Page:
In September 2006, the Journal of the American Medical Association published the results of a study of over 40,000 adults in Japan that found that those who consumed at least a pint of green tea a day were 15% less likely to die during the course of the study than those who drank less than one cup of green tea a day.
Studies examining antioxidants (including EGCG) present in tea have found reduced incidence of breast, prostate, ovarian, lung, colon, esophageal, skin cancer and leukemia associated with tea consumption.
Tea has also been shown to help lower cholesterol and reverse heart disease, improve insulin function and immune function, reduce the incidence of stroke, benefit oral health, enhance recovery from stress, and help with rheumatoid arthritis and weight loss and possibly with diseases such as Alzheimer’s and Parkinson’s.
In addition to physical health, tea has been associated with mental and spiritual health and well-being, and is widely considered the perfect beverage for quiet moments of contemplation and relaxation. Century old tea ceremonies, tea house traditions, and more modern customs of afternoon tea illustrate the value of tea for connecting with others.
We hear so much about the health benefits of green tea, and people often wonder if green tea is the only tea that's healthy. More recently, people have been discovering white tea and wondering if white tea is the only tea that's healthy. What the research appears to suggest is that the chemical processing that changes tea from white to green to oolong and finally to black does, to some degree, change the chemical composition of the resulting product and the anti-oxidants present in the leaves of green and black tea do differ to some degree. Much of the research on green tea has focused on a particular form of anti-oxidant, catechin, and the oxidatation process that changes tea from green to black does appear to reduce the amount of catechin in the tea. However, it also appears that the oxidation process increases the presence of different anti-oxidants, specifically theaflavins and thearubigins.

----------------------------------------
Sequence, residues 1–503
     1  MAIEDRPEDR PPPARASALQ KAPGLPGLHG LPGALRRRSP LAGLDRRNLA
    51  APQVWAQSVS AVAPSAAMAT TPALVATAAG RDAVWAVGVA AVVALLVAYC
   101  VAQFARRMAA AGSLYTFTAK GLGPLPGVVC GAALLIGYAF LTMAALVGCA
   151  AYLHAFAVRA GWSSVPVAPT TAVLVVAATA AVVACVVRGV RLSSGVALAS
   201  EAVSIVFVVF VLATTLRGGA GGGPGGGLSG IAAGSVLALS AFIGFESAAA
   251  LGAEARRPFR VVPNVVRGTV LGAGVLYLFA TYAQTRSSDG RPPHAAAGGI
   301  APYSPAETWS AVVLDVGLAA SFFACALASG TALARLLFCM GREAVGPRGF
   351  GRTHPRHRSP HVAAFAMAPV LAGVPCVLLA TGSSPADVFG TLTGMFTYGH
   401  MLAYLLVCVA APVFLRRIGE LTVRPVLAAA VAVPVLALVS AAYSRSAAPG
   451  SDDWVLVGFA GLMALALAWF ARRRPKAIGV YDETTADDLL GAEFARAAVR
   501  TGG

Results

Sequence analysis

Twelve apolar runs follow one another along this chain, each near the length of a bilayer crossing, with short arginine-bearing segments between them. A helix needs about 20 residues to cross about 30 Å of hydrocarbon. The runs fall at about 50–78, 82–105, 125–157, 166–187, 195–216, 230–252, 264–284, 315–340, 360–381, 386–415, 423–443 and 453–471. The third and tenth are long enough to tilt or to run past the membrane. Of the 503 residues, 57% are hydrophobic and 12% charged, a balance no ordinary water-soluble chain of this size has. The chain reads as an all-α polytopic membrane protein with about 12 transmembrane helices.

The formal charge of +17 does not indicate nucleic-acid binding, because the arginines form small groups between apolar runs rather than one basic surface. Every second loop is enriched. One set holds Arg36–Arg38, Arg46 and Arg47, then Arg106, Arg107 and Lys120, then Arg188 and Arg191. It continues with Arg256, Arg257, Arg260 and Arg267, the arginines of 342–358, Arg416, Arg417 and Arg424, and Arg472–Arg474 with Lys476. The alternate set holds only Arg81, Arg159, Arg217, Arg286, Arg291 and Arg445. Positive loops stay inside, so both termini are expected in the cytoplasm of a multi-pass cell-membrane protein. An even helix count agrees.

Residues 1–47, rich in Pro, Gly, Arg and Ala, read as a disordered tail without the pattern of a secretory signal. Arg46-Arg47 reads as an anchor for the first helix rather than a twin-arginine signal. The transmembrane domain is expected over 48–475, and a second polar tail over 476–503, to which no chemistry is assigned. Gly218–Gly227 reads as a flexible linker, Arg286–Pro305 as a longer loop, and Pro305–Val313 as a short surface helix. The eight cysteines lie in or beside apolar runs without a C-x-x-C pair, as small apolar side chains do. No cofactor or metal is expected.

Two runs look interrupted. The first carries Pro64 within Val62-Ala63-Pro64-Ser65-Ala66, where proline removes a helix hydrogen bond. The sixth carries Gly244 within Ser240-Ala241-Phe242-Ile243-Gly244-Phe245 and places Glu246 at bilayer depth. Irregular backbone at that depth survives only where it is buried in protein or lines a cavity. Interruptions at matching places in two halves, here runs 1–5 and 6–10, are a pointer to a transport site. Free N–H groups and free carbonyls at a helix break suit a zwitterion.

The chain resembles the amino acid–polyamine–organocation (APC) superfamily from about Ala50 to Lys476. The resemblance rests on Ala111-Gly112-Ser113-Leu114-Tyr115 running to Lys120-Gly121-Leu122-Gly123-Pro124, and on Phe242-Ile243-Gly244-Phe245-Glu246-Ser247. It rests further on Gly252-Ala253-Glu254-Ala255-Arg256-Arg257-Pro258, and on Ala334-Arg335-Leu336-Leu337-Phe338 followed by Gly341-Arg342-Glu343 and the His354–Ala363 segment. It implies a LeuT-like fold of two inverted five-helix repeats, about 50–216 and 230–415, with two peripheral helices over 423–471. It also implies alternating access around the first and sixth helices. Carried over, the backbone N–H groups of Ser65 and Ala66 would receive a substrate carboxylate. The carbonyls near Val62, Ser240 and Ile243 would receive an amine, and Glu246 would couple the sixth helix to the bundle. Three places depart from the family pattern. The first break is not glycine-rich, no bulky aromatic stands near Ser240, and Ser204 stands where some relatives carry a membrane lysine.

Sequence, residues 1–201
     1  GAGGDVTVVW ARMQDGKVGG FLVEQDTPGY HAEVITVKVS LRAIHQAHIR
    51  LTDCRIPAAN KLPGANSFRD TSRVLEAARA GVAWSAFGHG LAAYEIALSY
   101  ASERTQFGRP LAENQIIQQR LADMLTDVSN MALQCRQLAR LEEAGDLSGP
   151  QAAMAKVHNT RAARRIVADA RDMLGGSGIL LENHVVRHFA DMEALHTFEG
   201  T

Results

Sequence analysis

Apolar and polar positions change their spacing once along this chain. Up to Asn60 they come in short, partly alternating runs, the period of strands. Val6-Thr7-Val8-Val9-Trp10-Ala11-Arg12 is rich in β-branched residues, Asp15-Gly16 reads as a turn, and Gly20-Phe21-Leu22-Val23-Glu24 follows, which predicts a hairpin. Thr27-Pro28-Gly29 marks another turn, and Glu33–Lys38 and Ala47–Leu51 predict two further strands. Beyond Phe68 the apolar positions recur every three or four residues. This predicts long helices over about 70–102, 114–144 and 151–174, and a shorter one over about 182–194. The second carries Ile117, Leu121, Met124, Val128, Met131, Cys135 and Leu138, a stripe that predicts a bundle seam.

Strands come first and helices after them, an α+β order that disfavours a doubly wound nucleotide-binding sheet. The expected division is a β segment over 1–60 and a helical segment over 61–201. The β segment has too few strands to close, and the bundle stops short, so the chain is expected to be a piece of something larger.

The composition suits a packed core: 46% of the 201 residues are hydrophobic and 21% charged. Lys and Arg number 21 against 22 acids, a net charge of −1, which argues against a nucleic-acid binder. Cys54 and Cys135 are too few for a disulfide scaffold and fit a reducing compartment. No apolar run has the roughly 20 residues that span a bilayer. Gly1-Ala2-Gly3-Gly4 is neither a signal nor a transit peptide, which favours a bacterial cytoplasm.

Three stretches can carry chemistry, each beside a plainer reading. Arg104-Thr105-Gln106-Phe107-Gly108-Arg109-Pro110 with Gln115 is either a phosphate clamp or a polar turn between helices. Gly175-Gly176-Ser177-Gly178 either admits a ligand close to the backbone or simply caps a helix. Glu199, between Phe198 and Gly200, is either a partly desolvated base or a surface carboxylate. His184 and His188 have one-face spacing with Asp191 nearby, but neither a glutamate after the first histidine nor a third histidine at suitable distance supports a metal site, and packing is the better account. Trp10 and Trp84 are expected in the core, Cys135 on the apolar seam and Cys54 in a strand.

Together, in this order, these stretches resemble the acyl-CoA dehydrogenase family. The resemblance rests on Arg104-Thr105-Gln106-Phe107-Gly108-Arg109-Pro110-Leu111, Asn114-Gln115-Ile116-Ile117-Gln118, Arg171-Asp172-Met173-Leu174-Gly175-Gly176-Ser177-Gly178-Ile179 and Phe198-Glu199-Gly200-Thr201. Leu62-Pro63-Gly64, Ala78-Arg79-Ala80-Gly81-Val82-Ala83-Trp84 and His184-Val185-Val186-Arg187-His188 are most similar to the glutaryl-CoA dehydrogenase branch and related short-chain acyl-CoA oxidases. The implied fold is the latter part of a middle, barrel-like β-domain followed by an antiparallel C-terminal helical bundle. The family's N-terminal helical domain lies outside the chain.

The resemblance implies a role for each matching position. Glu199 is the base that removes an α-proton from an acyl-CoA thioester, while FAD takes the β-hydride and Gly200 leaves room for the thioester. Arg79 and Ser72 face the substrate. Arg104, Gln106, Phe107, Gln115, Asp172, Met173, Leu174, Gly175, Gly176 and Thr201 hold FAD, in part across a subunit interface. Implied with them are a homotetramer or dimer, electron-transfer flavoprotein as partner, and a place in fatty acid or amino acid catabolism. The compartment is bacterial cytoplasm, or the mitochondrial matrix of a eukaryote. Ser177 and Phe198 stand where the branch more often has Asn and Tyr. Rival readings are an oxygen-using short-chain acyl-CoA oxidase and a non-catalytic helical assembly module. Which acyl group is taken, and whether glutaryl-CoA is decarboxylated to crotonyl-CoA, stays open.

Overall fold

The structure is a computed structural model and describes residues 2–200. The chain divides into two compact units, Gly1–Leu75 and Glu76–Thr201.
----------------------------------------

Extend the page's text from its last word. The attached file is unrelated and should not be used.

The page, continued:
The scientific evidence, although preliminary, does strongly suggest that tea can be very good for you, whether white, green, oolong or black, and the best tea choice is the tea that is most appealing to you, unless counter-indicated by your physician. For more information about tea and health, click here to visit the Tea Association of Canada's terrific page devoted to tea and health.
TEA AND FLAVOR
There are so many varieties of tea available, so there surely is a tea for everyone. Traditional teas offer hundreds of styles and tastes, and flavored teas make the choices almost unlimited. Flavored tea is really popular lately, especially with tea novices and those who want to experience all the benefits of tea, but are not really “into tea”.